For the queer community, this year’s annual Pride celebrations throughout this month will look a little different than they have for the past few years. This spring, because of the COVID-19 pandemic, Pride celebrations across the country have been moved to a virtual space or delayed until next year when it’ll hopefully be safe to gather for large events again. Gone are the plans to don rainbow attire and celebrate queerness at a corporate-sponsored event, featuring performances by stars of Ru Paul’s Drag Race and Betty Who.
But more recently, in the wake of one of the largest protest movements this generation of emerging queer activists and leaders has ever seen, the queer community has the opportunity to NOT cancel Pride, and instead refocus this month. Pride is deeply rooted in acts of rebellion and protest against the system of policing that has oppressed Black bodies, especially Black trans and gender non-conforming bodies, for decades. This year, 51 years after the Stonewall riots inspired the Pride marches and protests that would continue for five decades, this community has the opportunity to support Black lives and show up in the tradition of Pride itself.
Donate to Support Black Trans Lives
If you’d normally go to a Pride festival in your city, it’s likely that you would’ve spent a little bit of money. Let’s say a ticket is about $20, drinks and food might be another $30. That leaves an extra $50 in your pocket this month. With that extra cash, if you’re able, consider donating to an organization that supports Black trans lives, like The Okra Project, which provides mental health resources for Black trans folx.
Seek Justice for Tony McDade
Two days after the murder of George Floyd by a police officer in Minneapolis, sparking protests nationawide, Tony McDade was killed by an officer in Tallahassee, Fla. Tony, a Black trans man, was very loved and active in his community. We can collectively seek justice for Tony by joining the Tallahassee Dream Defenders in calling for the body camera footage of Tony’s death to be released and for charges to be brought against the officer responsible for his death. You can also help provide financial support for Tony’s family during this time.
End the Trans Panic Defense Tactic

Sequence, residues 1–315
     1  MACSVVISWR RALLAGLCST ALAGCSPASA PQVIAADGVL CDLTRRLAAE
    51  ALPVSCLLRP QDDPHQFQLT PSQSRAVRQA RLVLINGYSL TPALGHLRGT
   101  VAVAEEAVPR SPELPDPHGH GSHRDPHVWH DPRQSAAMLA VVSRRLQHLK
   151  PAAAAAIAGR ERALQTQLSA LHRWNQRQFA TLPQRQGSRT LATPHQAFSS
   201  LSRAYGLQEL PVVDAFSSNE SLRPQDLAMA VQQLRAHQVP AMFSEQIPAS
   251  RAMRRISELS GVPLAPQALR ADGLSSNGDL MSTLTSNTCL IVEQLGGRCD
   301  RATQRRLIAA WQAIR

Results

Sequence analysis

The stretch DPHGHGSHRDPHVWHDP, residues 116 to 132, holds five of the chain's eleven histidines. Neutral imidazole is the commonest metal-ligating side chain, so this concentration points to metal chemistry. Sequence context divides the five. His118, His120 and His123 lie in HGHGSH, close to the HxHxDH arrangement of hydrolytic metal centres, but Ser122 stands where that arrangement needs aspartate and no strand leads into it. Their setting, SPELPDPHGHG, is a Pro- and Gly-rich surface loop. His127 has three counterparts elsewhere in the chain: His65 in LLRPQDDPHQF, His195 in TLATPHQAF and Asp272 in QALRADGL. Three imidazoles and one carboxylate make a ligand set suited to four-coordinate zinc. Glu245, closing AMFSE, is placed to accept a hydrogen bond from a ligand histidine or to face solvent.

In 42 states across the U.S., individuals charged with the murder of a member of the LGBTQIA+ community can claim the ‘gay/trans panic defense,’ a defense described as the LGBT Bar as a “legal strategy which asks a jury to find a victim’s sexual orientation or gender identity is to blame for the defendant’s violent actions, including murder.” The Human Rights Campaign calls the murder of transgender women, particularly Black transgender women, an epidemic. But with the ‘gay/trans panic defense’ still on the books, it can be difficult and sometimes impossible for families and loved ones of those victims of hate-motivated violence to seek justice. A handful of states have already passed bans on this defense, and other states have introduced legislation to the same effect. As of today, the ‘gay/trans panice defense’ has not been banned in Arkansas, Kansas, Missouri, or Oklahoma. Take action and contact your elected officials to share your support for these bans.
Celebrate Queer Black Lives and Love
In the middle of this revolutionary time in our communities, it’s natural to feel overwhelmed by negative emotions and activist burnout. In between protests and writing letters to elected officials, we can take some time to invest in our own joy and celebrate Black queer lives and love. Watch a movie or two that tell the stories of Black queer folx. Add a little bit of celebration to your Instagram feed. Read a positive article about Black love when you’ve read one-to-many negative ones. Bump some Black queer musicians while you’re making your protest signs.